Second half of the 20th century to the present

It will be the period between the sixties and the beginning of the seventies when tourism began as an activity economy on the island.

In 1966, the Lanzarote artist César Manrique returned from his stay in New York and settled permanently in Lanzarote, transforming the island into a tourist destination respectful of its landscape and cultural identity. During that time he gets conditioned and gets into exploitation of Jameos del Agua and Cueva de los Verdes and later the zone of the island where the eruptions of the 18th century, declaring a good part of that territory a National Park, with the name of Timanfaya.

Another fundamental point in the last decades of the 20th century was the rapid decline of the fishing sector which, in the early 1970s, was fundamental to the island's economy, passing in a short time to a secondary plane. Thus, since the mid-1970s, the gradual decline of the traditional primary sectors of the island economy can be seen, and the symptoms of a new way of exploiting tourism on the island with the occupation of important coastal areas, especially in the three main towns, Playa Blanca, Puerto del Carmen and Costa Teguise.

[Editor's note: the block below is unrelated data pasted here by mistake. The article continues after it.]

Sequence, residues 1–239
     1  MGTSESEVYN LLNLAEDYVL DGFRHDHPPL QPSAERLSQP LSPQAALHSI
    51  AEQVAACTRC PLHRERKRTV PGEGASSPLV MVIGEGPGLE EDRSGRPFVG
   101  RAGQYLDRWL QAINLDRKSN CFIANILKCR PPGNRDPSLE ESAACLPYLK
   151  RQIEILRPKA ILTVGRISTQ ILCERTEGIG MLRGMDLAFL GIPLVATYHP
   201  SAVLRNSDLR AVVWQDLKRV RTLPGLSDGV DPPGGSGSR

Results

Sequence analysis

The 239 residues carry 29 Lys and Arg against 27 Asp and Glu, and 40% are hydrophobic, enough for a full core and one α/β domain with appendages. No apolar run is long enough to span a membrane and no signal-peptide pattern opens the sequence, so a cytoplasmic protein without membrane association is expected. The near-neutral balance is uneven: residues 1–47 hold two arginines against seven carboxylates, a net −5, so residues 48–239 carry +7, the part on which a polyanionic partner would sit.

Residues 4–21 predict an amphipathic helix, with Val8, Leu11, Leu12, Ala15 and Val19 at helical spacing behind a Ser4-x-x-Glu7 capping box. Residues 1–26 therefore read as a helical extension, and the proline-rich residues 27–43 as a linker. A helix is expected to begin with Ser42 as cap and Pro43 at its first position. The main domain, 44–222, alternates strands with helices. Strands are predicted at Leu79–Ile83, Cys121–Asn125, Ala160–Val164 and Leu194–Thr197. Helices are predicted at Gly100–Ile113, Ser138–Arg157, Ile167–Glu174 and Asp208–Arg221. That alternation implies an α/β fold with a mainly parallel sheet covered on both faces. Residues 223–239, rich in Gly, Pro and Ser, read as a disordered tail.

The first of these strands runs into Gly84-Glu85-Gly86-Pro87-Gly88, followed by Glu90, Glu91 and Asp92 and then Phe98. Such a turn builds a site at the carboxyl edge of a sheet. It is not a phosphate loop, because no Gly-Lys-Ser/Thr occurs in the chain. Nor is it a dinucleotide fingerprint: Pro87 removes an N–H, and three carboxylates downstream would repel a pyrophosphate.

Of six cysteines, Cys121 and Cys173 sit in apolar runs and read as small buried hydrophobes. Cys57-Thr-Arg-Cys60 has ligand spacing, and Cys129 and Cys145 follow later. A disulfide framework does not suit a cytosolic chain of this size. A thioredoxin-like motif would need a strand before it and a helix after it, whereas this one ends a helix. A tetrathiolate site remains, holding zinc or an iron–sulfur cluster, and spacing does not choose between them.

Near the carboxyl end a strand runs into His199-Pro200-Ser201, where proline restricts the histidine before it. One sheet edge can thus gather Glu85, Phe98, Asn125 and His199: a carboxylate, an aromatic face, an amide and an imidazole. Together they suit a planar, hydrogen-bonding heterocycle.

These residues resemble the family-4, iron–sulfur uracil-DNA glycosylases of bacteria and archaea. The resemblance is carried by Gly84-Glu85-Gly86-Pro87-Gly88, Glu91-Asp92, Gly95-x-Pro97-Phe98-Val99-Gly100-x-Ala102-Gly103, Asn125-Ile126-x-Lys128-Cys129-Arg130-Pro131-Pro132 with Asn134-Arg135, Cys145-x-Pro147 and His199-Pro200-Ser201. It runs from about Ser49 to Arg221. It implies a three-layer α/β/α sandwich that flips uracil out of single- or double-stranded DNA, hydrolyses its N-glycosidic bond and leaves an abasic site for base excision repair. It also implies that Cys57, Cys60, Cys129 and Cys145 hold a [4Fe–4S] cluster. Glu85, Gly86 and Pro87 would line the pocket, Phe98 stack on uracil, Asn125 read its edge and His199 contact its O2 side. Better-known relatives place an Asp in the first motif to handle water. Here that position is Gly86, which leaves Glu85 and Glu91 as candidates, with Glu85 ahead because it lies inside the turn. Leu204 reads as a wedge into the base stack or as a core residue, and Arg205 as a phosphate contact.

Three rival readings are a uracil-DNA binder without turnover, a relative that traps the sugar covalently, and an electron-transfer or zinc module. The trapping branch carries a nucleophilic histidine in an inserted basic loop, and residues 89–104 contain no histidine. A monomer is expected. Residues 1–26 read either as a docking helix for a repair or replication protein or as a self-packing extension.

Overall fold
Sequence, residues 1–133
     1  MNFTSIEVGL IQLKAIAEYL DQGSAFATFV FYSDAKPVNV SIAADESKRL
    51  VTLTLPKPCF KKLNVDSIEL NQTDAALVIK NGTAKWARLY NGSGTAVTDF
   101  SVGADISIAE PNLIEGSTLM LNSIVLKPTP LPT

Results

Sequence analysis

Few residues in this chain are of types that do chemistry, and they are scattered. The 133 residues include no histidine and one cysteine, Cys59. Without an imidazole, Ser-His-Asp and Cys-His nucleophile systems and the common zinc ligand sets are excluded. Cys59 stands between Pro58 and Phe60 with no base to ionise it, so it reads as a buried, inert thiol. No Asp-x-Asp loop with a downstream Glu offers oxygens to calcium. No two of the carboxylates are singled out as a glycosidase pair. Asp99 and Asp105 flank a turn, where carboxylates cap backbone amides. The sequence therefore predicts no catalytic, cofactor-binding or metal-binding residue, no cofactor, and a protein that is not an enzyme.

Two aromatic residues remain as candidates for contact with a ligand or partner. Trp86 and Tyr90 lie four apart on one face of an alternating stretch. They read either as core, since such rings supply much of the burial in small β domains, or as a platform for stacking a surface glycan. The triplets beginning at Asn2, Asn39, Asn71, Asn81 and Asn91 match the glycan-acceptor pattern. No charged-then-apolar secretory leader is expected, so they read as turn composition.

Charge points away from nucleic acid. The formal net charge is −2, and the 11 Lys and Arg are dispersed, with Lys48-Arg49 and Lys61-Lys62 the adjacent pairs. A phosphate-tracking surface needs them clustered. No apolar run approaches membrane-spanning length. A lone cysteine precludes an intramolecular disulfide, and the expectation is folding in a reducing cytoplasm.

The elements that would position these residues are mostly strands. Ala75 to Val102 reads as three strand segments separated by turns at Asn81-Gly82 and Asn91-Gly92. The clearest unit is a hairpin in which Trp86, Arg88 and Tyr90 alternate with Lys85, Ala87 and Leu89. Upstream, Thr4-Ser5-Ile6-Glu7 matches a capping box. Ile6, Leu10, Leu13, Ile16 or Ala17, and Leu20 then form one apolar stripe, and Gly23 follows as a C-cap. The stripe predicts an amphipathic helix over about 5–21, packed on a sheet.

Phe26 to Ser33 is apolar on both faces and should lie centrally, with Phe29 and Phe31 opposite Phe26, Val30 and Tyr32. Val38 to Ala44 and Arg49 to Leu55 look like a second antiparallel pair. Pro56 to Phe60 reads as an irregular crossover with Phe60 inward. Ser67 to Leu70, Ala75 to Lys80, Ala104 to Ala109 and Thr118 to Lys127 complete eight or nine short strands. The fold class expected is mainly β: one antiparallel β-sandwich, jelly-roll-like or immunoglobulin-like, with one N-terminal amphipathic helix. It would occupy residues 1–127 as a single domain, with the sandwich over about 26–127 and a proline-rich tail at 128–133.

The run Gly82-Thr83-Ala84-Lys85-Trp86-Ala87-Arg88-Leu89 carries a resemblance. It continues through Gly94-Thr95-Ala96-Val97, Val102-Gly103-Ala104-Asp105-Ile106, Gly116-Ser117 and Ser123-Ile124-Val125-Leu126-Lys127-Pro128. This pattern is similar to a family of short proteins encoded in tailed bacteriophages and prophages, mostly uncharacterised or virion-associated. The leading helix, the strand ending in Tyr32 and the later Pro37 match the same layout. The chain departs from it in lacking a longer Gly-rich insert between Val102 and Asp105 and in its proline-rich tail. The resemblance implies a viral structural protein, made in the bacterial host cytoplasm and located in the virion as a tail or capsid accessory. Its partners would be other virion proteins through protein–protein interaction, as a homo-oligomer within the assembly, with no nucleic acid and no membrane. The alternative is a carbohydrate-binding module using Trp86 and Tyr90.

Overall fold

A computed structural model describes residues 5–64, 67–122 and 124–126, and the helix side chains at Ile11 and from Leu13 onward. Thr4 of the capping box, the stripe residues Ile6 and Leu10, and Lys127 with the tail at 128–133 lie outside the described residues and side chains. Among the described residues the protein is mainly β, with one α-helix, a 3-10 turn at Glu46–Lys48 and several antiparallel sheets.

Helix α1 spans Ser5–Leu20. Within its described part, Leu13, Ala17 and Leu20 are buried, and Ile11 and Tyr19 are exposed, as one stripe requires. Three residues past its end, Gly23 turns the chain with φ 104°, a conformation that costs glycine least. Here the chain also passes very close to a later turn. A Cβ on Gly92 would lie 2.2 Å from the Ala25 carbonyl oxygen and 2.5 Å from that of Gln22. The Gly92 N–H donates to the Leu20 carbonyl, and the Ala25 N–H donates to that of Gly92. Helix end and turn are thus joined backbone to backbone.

Despite the environmental awareness of the islanders, some aspects of the developmentalist and environmentally unsustainable model implemented in other tourist destinations began to be noticed in Lanzarote since late 1980s. Before his death in 1992, Manrique himself had been at the forefront of the protests against mass tourism and urban planning mistakes, becoming a symbol of the defense of the territory and nature of the Canary Islands.

The economy geared towards tourism and the construction sector, with workers often coming from the peninsula and temporarily staying on the island, has led Lanzarote from being an island that emigrated to being an island which is undergoing an enormous immigration as a result of which it has experienced a spectacular demographic increase. Currently, half of the population residing in Lanzarote was born outside the island, and a quarter of those registered are foreigners. In short, Lanzarote has experienced in recent decades the greatest socio-economic development in its history. However, we are currently witnessing a worrying contradiction. On the one hand, the international projection of the island as a example of sustainable tourism, even declaring the island as a Reserve of the Biosphere by UNESCO. And on the other hand, it continues and expands the developmental and speculative model, especially in recent years of unbridled growth, which are endangering not only the real image of Lanzarote, but coexistence and traditional culture of its people.